As mentioned, “Superman” is a film in three parts.Â Opening the film is the backstory, the history of Krypton and the reason Superman was sent to Earth. Here, we meet Superman’s father, Jor El, who warns his people (and us) of impending doom, as Krypton is about to be destroyed. In order to protect his family legacy, he send his only son, Kal El, into space just before Krypton explodes. Kal El rockets through space, growing and learning, before coming to rest in a field near Smallville, a town in rural America. Kal El is raised by a childless couple, Jonathan and Martha Kent, who teach him how to become a moral man, a well adjusted individual regardless of his great power and strength.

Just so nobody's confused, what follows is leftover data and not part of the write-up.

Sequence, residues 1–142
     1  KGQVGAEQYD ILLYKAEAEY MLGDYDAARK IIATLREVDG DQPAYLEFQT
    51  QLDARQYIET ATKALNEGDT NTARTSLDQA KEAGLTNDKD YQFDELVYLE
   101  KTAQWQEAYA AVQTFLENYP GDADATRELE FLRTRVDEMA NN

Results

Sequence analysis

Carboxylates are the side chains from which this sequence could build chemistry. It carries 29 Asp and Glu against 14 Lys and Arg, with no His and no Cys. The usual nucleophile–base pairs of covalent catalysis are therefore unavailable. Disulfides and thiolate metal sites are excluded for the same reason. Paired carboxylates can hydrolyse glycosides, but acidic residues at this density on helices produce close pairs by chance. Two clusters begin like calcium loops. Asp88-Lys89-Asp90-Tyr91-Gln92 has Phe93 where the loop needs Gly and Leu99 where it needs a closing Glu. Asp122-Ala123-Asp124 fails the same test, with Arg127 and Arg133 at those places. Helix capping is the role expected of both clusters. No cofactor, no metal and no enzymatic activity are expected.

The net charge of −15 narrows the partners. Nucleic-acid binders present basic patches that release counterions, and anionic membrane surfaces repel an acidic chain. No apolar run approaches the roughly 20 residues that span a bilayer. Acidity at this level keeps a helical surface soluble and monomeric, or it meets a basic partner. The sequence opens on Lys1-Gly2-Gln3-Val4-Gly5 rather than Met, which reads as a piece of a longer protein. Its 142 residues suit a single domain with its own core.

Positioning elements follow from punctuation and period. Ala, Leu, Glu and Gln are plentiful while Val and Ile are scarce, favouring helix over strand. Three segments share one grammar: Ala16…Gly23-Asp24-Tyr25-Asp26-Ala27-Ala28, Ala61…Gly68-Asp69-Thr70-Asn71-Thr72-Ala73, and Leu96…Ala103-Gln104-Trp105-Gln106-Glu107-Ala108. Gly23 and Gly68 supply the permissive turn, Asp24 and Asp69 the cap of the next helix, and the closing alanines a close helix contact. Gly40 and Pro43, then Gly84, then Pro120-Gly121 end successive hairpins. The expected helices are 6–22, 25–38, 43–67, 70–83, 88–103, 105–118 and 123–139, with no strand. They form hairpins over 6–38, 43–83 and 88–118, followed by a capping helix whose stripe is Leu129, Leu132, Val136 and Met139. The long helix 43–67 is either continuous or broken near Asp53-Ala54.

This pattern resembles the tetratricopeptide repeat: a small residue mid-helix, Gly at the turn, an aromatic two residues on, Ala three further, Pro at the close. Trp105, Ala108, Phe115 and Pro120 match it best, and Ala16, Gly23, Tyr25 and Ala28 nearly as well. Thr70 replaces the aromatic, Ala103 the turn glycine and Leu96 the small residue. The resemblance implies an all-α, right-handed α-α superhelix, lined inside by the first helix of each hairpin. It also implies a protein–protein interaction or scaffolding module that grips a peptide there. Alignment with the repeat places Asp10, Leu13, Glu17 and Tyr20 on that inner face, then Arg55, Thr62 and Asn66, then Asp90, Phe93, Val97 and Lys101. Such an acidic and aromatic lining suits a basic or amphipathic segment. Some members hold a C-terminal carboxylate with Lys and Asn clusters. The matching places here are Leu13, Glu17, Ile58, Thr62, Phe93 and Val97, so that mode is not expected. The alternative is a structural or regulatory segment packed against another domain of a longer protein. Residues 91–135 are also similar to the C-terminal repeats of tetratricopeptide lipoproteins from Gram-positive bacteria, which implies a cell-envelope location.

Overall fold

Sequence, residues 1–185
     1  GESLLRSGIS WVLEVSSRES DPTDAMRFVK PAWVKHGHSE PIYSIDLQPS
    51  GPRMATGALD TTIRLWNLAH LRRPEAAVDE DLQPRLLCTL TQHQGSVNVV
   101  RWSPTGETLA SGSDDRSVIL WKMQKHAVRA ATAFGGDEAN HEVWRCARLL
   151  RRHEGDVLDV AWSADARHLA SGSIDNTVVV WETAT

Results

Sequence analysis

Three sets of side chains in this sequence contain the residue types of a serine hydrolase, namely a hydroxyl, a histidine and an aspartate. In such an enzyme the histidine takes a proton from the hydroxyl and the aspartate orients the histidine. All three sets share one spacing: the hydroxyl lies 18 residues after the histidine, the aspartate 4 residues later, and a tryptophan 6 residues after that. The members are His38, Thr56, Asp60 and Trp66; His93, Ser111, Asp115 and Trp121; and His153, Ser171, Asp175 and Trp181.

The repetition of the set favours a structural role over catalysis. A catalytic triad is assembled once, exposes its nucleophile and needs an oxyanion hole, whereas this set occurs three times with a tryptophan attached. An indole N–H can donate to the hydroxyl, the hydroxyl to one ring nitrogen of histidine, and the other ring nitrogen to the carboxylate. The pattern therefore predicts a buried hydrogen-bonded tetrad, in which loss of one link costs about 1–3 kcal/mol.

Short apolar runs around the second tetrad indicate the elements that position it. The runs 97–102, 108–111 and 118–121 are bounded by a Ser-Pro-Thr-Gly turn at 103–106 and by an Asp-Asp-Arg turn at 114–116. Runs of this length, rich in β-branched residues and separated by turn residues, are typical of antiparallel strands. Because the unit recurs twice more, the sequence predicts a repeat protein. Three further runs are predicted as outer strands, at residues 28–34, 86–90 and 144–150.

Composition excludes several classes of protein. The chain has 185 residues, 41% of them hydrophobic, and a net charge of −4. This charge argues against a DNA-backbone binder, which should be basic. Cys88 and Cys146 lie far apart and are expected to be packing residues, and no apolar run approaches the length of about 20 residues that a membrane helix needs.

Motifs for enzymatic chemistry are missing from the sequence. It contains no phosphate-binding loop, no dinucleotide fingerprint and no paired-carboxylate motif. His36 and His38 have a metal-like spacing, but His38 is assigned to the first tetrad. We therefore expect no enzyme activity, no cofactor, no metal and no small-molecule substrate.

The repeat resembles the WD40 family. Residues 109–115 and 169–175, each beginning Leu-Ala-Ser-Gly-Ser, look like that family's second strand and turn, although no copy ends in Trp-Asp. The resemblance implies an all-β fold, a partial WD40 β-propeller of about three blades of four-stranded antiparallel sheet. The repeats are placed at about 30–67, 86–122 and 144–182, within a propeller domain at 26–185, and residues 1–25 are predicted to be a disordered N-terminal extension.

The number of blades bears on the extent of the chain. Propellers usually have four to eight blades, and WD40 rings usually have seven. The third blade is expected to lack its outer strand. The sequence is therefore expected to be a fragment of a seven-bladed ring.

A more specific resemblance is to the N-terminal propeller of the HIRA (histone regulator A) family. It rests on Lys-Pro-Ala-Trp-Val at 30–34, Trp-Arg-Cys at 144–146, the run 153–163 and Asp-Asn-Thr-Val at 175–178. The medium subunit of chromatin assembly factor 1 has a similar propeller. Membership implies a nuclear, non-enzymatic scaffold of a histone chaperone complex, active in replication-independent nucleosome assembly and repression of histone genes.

Finally, the film moves to Metropolis, where Clark Kent is employed by The Daily Planet, a “great metropolitan newspaper”. He meets Lois, and becomes embroiled in a nuclear event with Lex Luthor, kingpin of the criminal underworld, and all-round vile villain. It is in this third part of the film, that we finally meet Superman.
Each frame of this film is simply jawdroppingly gorgeous: Geoffrey Unsworths magnificent lens-work simply and effortlessly transporting the viewer to that time and place with an ease that borders on illegality. The effects of Superman flying, crushing things and saving the day might look dated by today’s standards, yet you don’t ever feel that they detract from the story the film is trying to tell.
“Superman”, as a film, remains a legendary moment in cinema, one that still resonates with fans to this day.
With this in mind, can “Superman” finally be toppled by a drunken, all-powerful Will Smith?